Tuesday, January 10, 2017

Reading comprehension...

When I first started writing this blog in 2010, I didn't advertise it at all.  I figured I'd let people find it by themselves.  I mostly used it as a place to vent and it worked well in that capacity.

After a couple of years, people started finding my blog and I did start to share links... sparingly at first.  Then I decided to just embrace having people read my thoughts and opened a Facebook page.  By and large, that's worked out okay.  I mostly get a lot of people reading and relatively few comments.  Most people who comment are nice. Sometimes I get angry comments from people, too.  I don't mind angry comments, as long as the people making them are addressing a valid point.  I do get annoyed when I get comments from people who apparently lack reading comprehension skills.

Occasionally, people comment, but don't read very carefully or otherwise seem to miss the point of what I've written.  I realize this issue may be my fault.  It's a challenge to write things that make sense but aren't too wordy.  Most people skim things, come up with a reaction, and respond.  Too many folks are quick to respond without thinking.  Either that, or they only read part of something; they don't take the time to get the whole picture before they comment.

Many times, I am inspired to revisit topics I've written about in the past.  For instance, last July I wrote a post about an unpleasant encounter I had with someone on YouTube.  It was a guy who claimed to be a veteran and felt I should STFU about a video made by Alan Osmond, the self-described awesome soldier/singing star who served his country by being a clerk.

The veteran who commented on YouTube evidently felt I had no right to criticize Mr. Osmond for bragging about his service.  Actually, I think many veterans watching that video would probably be offended by Osmond's blatant bragging about his mad combat skills, which he used for typing instead of fighting.  I guess it was more important for the veteran to put me in my place than take a moment to consider if my comments were valid.  But then, I've never worn a uniform for the U.S. military, so I have no right to voice an opinion, right?  

I got a comment this morning from someone calling themselves "Unknown", informing me that everybody who serves in the military has an important job, even the ones who don't see combat.  To that person, I want to say "No shit, Sherlock." Reading comprehension is clearly not that person's strong suit.  If he or she had taken the time to read carefully and, perhaps, click the link to the initial post I wrote about Alan Osmond, they might have realized that I'm actually firmly on the side of veterans... especially the ones who weren't "important" enough to have family connections who got them out of serving in a war zone.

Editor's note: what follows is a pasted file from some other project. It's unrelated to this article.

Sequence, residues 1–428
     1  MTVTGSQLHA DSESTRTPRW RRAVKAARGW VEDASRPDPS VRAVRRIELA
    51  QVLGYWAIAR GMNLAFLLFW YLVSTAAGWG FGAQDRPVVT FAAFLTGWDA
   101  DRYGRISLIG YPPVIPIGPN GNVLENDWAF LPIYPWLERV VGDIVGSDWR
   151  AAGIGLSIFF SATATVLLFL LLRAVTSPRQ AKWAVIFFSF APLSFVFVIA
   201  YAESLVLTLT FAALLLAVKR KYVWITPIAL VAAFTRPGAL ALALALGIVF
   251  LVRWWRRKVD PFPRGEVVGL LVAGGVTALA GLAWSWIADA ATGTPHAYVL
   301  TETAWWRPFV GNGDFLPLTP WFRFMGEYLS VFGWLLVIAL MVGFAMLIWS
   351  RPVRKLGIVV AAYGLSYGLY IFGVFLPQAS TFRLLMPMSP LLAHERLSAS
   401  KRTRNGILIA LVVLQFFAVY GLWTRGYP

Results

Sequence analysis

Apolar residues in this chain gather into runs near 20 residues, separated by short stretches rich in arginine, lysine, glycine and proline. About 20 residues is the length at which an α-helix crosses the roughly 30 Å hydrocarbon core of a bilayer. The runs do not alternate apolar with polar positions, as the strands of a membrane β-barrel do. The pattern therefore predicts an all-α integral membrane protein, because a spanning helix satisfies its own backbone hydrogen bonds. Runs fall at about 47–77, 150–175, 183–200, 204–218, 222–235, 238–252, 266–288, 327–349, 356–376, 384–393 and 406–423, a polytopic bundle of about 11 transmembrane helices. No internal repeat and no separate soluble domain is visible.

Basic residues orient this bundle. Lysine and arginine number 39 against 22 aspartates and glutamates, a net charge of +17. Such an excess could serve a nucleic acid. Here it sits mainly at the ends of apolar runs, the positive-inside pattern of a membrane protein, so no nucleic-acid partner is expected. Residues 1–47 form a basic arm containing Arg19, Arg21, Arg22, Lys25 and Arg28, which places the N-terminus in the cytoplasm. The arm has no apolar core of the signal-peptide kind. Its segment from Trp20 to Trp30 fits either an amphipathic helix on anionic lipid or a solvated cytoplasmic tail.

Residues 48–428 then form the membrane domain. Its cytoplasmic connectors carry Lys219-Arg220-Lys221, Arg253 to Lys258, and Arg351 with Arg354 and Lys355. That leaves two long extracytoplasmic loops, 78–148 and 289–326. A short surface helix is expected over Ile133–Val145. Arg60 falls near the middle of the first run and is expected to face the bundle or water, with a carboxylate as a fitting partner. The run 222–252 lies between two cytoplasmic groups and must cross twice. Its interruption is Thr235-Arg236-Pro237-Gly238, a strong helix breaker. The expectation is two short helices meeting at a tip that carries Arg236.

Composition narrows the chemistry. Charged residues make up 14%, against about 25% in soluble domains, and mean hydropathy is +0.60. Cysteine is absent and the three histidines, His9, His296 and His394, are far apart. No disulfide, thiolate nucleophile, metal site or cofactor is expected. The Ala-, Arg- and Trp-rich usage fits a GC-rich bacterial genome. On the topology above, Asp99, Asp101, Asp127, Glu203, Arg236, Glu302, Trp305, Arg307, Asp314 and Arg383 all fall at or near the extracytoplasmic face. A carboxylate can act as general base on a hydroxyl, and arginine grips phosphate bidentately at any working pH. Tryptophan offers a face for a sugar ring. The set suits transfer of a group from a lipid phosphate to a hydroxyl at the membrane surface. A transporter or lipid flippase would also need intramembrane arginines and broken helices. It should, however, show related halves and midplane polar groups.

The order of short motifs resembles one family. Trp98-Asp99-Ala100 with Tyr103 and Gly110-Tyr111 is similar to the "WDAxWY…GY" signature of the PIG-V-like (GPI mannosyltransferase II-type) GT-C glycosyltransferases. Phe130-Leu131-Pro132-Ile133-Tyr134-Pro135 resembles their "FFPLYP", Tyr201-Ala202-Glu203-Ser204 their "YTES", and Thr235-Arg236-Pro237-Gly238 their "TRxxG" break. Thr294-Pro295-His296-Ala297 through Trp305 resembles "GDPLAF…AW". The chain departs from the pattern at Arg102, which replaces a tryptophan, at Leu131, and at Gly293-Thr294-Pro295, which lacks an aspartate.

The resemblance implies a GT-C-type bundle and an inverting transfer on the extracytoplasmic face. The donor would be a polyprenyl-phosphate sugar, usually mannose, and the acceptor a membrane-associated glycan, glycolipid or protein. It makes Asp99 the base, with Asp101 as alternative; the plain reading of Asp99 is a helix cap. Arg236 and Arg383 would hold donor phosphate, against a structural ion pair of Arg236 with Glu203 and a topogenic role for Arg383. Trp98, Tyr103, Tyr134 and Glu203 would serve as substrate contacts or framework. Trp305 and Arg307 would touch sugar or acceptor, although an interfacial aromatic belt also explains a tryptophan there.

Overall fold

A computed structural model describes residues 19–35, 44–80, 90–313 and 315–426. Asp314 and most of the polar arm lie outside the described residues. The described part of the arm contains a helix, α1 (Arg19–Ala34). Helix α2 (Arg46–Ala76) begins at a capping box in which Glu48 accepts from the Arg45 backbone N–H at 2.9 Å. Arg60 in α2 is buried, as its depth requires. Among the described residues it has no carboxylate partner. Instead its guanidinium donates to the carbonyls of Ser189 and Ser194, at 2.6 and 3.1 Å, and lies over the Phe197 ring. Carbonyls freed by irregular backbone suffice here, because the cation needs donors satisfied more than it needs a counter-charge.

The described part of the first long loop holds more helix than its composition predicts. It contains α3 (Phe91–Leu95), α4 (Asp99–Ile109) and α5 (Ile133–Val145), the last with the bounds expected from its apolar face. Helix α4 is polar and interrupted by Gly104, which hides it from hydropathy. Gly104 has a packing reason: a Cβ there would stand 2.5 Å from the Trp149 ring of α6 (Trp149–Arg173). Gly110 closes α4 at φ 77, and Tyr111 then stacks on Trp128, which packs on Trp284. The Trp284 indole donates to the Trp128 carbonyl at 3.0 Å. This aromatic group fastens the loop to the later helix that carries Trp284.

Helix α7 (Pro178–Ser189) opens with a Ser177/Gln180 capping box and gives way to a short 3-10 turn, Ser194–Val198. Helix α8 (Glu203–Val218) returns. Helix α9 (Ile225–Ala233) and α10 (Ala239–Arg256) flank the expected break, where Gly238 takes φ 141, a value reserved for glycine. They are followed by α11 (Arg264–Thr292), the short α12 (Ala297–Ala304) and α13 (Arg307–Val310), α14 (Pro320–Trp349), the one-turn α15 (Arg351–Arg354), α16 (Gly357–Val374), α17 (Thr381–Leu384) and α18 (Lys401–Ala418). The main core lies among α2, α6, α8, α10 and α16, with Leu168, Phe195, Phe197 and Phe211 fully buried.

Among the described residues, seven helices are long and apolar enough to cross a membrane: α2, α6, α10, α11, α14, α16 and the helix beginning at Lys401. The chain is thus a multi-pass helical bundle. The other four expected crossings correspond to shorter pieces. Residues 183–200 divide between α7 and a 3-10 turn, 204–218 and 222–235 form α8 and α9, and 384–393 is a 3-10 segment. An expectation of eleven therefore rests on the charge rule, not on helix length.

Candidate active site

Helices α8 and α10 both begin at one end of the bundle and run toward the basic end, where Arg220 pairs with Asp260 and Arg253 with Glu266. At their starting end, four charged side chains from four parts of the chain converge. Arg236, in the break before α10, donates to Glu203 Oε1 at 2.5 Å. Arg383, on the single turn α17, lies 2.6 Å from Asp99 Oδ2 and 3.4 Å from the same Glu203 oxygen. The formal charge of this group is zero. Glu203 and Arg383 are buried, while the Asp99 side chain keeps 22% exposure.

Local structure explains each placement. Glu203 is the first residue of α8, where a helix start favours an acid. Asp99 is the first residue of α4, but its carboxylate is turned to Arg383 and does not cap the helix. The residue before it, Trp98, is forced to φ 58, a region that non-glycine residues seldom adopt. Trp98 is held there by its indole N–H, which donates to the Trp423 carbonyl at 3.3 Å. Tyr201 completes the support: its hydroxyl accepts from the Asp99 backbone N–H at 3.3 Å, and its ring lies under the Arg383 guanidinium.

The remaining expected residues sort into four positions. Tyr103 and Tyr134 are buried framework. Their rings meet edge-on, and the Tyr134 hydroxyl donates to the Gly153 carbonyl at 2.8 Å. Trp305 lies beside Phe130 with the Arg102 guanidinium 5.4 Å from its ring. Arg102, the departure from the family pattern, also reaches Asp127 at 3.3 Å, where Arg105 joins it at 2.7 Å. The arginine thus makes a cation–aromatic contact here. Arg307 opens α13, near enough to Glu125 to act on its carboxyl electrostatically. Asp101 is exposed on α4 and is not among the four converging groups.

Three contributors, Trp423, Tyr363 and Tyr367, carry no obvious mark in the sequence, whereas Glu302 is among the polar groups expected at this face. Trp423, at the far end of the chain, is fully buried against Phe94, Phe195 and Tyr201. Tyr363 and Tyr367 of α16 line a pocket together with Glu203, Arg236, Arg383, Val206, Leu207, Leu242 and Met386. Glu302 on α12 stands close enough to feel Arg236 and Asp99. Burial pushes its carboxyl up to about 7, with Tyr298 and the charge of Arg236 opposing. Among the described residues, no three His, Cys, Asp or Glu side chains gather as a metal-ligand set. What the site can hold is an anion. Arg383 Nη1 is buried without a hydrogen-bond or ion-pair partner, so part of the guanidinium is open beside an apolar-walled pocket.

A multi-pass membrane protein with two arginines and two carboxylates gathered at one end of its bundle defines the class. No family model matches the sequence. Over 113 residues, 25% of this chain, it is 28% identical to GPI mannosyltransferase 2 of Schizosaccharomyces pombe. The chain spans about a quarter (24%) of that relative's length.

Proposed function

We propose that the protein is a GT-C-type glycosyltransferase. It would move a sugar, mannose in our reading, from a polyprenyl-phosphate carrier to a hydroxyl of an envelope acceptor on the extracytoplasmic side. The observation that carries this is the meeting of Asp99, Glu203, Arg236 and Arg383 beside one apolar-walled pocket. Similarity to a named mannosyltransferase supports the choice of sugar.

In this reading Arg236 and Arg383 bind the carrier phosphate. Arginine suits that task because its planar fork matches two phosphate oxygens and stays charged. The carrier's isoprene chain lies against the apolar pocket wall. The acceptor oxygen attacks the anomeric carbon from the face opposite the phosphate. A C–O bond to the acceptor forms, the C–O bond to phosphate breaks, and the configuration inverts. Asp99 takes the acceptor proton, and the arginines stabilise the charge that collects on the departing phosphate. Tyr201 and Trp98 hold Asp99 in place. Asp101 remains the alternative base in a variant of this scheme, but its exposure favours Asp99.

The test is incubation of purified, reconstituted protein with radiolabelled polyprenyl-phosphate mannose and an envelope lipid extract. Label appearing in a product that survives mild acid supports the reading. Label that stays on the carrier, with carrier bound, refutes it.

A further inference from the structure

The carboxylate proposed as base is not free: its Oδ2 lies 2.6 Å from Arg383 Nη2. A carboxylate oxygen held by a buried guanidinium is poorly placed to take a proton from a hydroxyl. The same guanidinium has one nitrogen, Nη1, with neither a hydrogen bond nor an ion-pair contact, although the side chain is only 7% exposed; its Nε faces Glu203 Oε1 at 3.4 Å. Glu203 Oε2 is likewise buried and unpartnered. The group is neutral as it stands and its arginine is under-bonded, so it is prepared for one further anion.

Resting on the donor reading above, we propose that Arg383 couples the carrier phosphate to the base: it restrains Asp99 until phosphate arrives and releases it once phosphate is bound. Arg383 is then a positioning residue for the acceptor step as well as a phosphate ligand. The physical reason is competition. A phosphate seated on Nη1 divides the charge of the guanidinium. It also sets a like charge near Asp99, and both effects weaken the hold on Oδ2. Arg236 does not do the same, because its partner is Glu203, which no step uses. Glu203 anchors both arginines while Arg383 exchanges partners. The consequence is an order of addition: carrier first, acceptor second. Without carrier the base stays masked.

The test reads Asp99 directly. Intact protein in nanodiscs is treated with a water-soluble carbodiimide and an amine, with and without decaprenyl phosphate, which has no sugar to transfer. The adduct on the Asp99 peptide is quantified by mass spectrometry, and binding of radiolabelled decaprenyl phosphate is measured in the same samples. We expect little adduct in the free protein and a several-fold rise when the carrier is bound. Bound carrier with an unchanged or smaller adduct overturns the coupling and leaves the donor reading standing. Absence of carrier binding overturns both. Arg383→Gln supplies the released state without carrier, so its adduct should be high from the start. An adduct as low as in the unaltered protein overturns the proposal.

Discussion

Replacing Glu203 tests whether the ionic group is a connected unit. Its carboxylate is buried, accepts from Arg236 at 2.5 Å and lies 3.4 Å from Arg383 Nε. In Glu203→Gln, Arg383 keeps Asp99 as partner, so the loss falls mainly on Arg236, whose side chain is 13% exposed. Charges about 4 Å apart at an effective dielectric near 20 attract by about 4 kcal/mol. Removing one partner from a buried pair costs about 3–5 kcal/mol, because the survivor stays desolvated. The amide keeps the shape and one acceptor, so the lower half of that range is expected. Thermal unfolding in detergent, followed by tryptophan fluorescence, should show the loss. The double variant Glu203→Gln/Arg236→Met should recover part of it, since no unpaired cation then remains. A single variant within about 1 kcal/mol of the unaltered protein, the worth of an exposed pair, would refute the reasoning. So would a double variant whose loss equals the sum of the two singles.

I realize that many people who stop by this blog only read for a few seconds.  Sometimes they form an opinion, which they share with me... often in a way that indicates that I didn't make myself clear enough for them.  Either that, or something I write gets them so riled up that they feel they have to pop off without taking a few minutes to actually consider what I wrote.

I shouldn't be surprised by this phenomenon.  Most people who make comments on this blog seem moved to do so because I somehow struck a nerve.  I'll bet the person who wanted to school me this morning about how all jobs in the military are important is someone who served and never saw combat.  Either that, or the person has friends or loved ones who served and didn't see combat.  And they feel slighted because I made comments about Alan Osmond not seeing combat-- as if Alan Osmond needs them to defend him.

My main point wasn't really about Alan Osmond's job in the Army.  It was about his boastful attitude and the fact that he did have an easy job, which he got due to who he was at the time.  He didn't have to go to the jungles of Vietnam and face the horrors of war.  He stayed home, did his duty as a typist, and performed with his brothers.  And you know what?  That's fine.  Good for Alan Osmond.  But why brag about your military service when what you did isn't really something worth bragging about?  Alan Osmond simply did what a lot of guys were doing in the 1970s.  I'm glad he wasn't a draft dodger and I do appreciate his military service.  I just think he should feel fortunate that he survived that era a legitimate veteran and wasn't too much worse for wear after he was discharged.

I am truly confused as to why people, especially veterans, are offended by my comments about this.  I can only guess it's because they either don't read carefully or it somehow makes them feel better to anonymously tell other people to shut up.  It's a mystery.

No comments:

Post a Comment

Comments on older posts will be moderated until further notice.